Cars accelerating the modern world at the V&A

The motor car is a peculiar object, capable equally of extreme seduction and destruction. It is one of the most significant creations of modern time, shaping our landscape, our cities, informing how we work, live and communicate. Yet, as we reach a critical junction in navigating its future, it makes sense to take a look back and to understand what made this complex engineered product so pivotal to industrial societies, and its enduring impact on our collective lives.

An exhibition has opened up at the V&A in London with a mission to explore the car as a design object. ‘Cars accelerating the modern world’ reveals the impact the automobile has had on our social, political, cultural and increasingly environmental life. This immersive show takes the viewer on a journey to sense the visceral impact the motor car has had on human life, feeding into the creative word – in arts, literature, architecture, design, fashion, and music.

General Motors Firebird I (XP-21), 1953 with its perfectly aero design (c) GM

‘Cars’ is curated thematically under three general headings: ‘going fast’, ‘making more’ and ‘shaping space’, with the exhibition design directing us through a curated route. ‘We want people to make connections between these areas,’ explains co-curator, Lizzie Bisley. There are only fifteen or so cars on display here, chosen for their individual impact on the world, from the first production car, to a converted low-rider, a 1950s concept car and a future autonomous flying car. They join 250 further objects to help link the car with the evolution of modern life from our relation to speed, to manufacturing and consumption and how it has shaped our landscapes, our cities and road networks.

Automotive design fed into products such as the A.C. Gilbert Co. ‘Airflow’ Table Fan, 1937

The curators are conscious that an exhibition about the motor car cannot be filled with only static objects. A dizzying opening film, therefore, sets the scene by placing the visitor behind the wheel in today’s London, and in midday traffic. It is a reminder of the complexity of driving, the challenges and responsibilities of navigating roads built once for the horse and carriage, now packed with various transport: personal cars, vans, taxis, Ubers, buses, motorbikes, electric scooters, cyclists. The driver is the observer here, watching the world pass from the cocooned comfort of the motor car. ‘We wanted to capture the command and control you get from being in the car. The car is incredibly personal; it is about the experience,’ explains Bisley.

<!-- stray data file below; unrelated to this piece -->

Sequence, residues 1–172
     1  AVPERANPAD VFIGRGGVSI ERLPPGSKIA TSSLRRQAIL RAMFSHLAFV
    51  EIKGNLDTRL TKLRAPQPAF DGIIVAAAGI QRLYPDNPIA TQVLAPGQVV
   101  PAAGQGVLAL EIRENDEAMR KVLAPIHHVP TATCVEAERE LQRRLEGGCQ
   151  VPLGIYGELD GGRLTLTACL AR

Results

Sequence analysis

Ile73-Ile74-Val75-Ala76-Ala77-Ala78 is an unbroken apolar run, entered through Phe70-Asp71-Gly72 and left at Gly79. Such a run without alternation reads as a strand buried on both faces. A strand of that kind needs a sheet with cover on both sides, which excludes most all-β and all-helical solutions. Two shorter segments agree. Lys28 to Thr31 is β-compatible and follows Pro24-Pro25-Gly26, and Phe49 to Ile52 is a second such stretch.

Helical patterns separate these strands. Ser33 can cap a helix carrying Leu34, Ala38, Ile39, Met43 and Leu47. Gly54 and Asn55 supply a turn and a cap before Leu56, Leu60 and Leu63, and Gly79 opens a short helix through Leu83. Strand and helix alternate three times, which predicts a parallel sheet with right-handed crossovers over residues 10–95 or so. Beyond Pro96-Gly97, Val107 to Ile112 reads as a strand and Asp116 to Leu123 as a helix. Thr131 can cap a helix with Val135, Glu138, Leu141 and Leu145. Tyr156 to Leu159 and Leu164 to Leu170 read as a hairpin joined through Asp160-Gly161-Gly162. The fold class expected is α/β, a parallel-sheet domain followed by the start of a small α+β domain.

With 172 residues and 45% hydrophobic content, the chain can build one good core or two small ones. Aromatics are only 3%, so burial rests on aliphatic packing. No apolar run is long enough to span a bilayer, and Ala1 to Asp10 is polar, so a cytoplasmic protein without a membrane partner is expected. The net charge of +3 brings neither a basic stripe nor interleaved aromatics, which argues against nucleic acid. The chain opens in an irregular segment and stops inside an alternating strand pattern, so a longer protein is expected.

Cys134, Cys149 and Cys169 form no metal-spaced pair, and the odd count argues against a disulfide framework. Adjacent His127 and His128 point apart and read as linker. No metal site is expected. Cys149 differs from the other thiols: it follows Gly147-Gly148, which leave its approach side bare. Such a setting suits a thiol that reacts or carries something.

Streamline design informing this Cloche Hat. Miss Fox, 1928-29

We are reminded of the excitement and allure of the motor car through a giant-size projection of one of the most memorable car scenes in cinema history – Steve McQueen’s Frank Bullitt speeding through San Francisco in a Ford Mustang in the 1968 ‘Bullitt’. Elsewhere, a documentary reveals the car’s enduring quality as a vehicle for making personal statements. Five contemporary subcultures around the world – from the South African spinners, Los Angeles low-riders, Emirati dune racers, and Japan’s Decotora truckers – feature here. ‘We wanted to get across how incredibly personal the car is as an object,’ says Bisley. ‘They are reclaiming the car, seeing it as a way of personal expression.’

Poster art showing the impact of automation on car manufacturing and labor

‘Cars’ ends on a more sober note as we witness the impact of this once progressive industrial product on our landscape, cities, nations, politics and climate. It’s interesting to see all this in connection to the geography of petrol extraction, celebrated once as a miracle resource through products like Tupperware and nylon; and the evolution of fossil-fuel through the politics of the Middle East and the 1970s oil crisis and the rise of environmental concerns.

Bisley says the V&A show is ‘definitely not a celebration of the car. We are very aware of the issues we’re facing today; this is a historical show to look back at the original promises and the unintended consequences that come from when you scale up a piece of design, when you start producing thousands and thousands of cars.’

French advertisement (1934) for the Tatra 77

As a departing note, ‘Cars’ leaves us with one example of the future, the clean, autonomous, shared, flying Pop.Up Next concept vehicle by Audi, Italdesign and Airbus. The motor car revolution from the very start relied on cooperation and coordination with industrialists and designers and urban planners and governments. The future – be it autonomous, flying cars, private or shared transport, or a combination of them all – will also need to be a global effort, working interdependently – collectively navigating a progressive future. And it could be a very exciting future.

‘Cars: Accelerating the Modern World’ is on until April 2020, and the accompanying book, which explores the subject further is available through the V&A here. Images in order: General Motors Firebird I (XP-21), 1953 with its perfectly aero design © GM; Automotive design fed into products such as the A.C. Gilbert Co. ‘Airflow’ Table Fan, 1937 © Dallas Museum; Streamline design informing this Cloche Hat. Miss Fox, 1928-29 © V&A; French advertisement (1934) for the Tatra 77 © V&A; Poster art showing the impact of automation on car manufacturing and labour © Walter R Reuter Library; Car subcultures include the Lowriders in Los Angeles © Nathanael Turner.

 

Car subcultures include the Lowriders in Los Angeles
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